"There is only one sin, only one. And that is theft. Every other sin is a variation of theft… When you kill a man, you steal a life. You steal his wife’s right to a husband, rob his children of a father. When you tell a lie, you steal someone’s right to the truth. When you cheat, you steal the right to fairness…"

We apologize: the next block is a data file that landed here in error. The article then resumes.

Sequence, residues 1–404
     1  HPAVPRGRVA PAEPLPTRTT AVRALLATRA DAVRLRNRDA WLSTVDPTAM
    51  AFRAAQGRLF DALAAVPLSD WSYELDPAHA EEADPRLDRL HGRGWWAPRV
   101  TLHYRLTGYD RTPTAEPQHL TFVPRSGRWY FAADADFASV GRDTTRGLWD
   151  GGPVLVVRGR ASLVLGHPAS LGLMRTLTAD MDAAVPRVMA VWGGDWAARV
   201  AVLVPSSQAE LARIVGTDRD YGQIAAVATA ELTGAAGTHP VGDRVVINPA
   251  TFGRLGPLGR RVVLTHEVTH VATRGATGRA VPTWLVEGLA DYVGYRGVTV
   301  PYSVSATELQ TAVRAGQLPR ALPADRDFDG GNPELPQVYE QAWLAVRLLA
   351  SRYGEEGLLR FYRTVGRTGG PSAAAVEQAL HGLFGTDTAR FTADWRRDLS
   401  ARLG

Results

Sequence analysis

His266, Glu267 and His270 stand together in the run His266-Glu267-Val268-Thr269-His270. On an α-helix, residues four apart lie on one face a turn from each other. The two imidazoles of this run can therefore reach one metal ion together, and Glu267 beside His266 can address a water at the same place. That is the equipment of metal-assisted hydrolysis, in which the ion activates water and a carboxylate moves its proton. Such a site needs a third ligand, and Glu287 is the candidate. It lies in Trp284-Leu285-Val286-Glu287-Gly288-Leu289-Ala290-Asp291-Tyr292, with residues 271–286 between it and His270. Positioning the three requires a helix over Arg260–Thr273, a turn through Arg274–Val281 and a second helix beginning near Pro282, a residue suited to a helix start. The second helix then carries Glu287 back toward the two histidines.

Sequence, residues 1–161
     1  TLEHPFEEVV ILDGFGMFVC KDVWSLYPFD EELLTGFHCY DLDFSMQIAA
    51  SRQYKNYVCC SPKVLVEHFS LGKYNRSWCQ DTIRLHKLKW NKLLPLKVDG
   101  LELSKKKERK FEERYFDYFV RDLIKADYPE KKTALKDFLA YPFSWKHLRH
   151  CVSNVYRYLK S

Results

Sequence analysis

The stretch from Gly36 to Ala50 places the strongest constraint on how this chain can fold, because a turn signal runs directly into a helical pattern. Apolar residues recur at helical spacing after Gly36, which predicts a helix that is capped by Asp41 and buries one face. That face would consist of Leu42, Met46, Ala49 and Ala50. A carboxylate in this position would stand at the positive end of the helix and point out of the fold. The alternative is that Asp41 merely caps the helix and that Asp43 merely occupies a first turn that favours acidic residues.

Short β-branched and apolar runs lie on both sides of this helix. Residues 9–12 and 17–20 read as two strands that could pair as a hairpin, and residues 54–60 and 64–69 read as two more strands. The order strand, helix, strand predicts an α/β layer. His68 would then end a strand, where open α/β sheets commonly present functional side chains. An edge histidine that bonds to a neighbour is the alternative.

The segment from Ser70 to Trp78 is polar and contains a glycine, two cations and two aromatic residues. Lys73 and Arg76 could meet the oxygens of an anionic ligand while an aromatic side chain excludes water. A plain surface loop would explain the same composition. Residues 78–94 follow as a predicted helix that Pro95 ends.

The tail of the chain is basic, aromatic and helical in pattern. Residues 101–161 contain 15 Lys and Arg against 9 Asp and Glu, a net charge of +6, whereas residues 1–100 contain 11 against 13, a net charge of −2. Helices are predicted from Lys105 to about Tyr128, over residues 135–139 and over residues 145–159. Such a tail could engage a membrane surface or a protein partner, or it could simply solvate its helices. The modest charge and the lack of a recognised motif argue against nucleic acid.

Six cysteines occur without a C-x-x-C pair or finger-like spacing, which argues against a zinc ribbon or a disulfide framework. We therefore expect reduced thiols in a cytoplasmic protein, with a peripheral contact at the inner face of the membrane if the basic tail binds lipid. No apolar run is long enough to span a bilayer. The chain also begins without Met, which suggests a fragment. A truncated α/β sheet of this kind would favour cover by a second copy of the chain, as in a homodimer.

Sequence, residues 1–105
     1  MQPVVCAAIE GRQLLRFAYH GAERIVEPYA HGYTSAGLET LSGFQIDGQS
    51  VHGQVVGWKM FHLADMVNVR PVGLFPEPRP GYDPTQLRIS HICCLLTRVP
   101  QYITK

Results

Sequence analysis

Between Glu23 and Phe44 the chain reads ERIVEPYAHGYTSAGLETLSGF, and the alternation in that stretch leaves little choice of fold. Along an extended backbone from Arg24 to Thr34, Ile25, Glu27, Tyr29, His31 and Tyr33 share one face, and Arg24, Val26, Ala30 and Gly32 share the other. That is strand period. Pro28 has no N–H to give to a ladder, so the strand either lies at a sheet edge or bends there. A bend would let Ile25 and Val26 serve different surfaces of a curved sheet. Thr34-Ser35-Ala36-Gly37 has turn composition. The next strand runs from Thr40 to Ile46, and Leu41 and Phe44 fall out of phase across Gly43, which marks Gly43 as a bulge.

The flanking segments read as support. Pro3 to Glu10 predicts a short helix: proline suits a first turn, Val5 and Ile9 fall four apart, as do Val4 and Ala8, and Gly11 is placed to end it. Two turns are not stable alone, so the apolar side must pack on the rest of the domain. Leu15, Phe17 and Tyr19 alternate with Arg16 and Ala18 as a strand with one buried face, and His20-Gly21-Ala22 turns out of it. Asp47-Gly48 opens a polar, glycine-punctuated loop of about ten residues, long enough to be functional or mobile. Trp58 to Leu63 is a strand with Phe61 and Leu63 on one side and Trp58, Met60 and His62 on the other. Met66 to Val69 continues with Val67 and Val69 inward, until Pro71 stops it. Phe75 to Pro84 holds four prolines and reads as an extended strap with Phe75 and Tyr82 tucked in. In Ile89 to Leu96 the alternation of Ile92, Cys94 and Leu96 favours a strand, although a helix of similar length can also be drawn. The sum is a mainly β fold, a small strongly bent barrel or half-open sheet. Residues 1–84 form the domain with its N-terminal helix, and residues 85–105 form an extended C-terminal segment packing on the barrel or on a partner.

"The language in which I’ve written has changed. I began writing in Farsi, then I wrote in French and now I mostly write in English, but one thing remains constant: I’ve always written for an audience of one. For me, writing has always been the selfish, self-serving act of telling myself a story. You know, something grabs my interest and compels me to sit down and see it through. This is how ‘The Kite Runner’ was written. I never intended to get the novel published. Even when I was as far as two-thirds of the way through writing, it never crossed my mind that anybody would actually read it although I thought my wife probably would because she loves me. So you can imagine my astonishment at the reception that ‘The Kite Runner’ has received worldwide since its publication. I received letters from India, London, Sydney, Paris, Arkansas, all over the world from readers who expressed a passion to me. Many of them wanted to know how to send money to Afghanistan. Some told me they wanted to adopt an Afghan orphan. In those letters I saw the unique ability that fiction has to connect people who dress differently or practice different religions, and I saw how universal some human experiences are, like friendship, guilt, forgiveness, loss and atonement."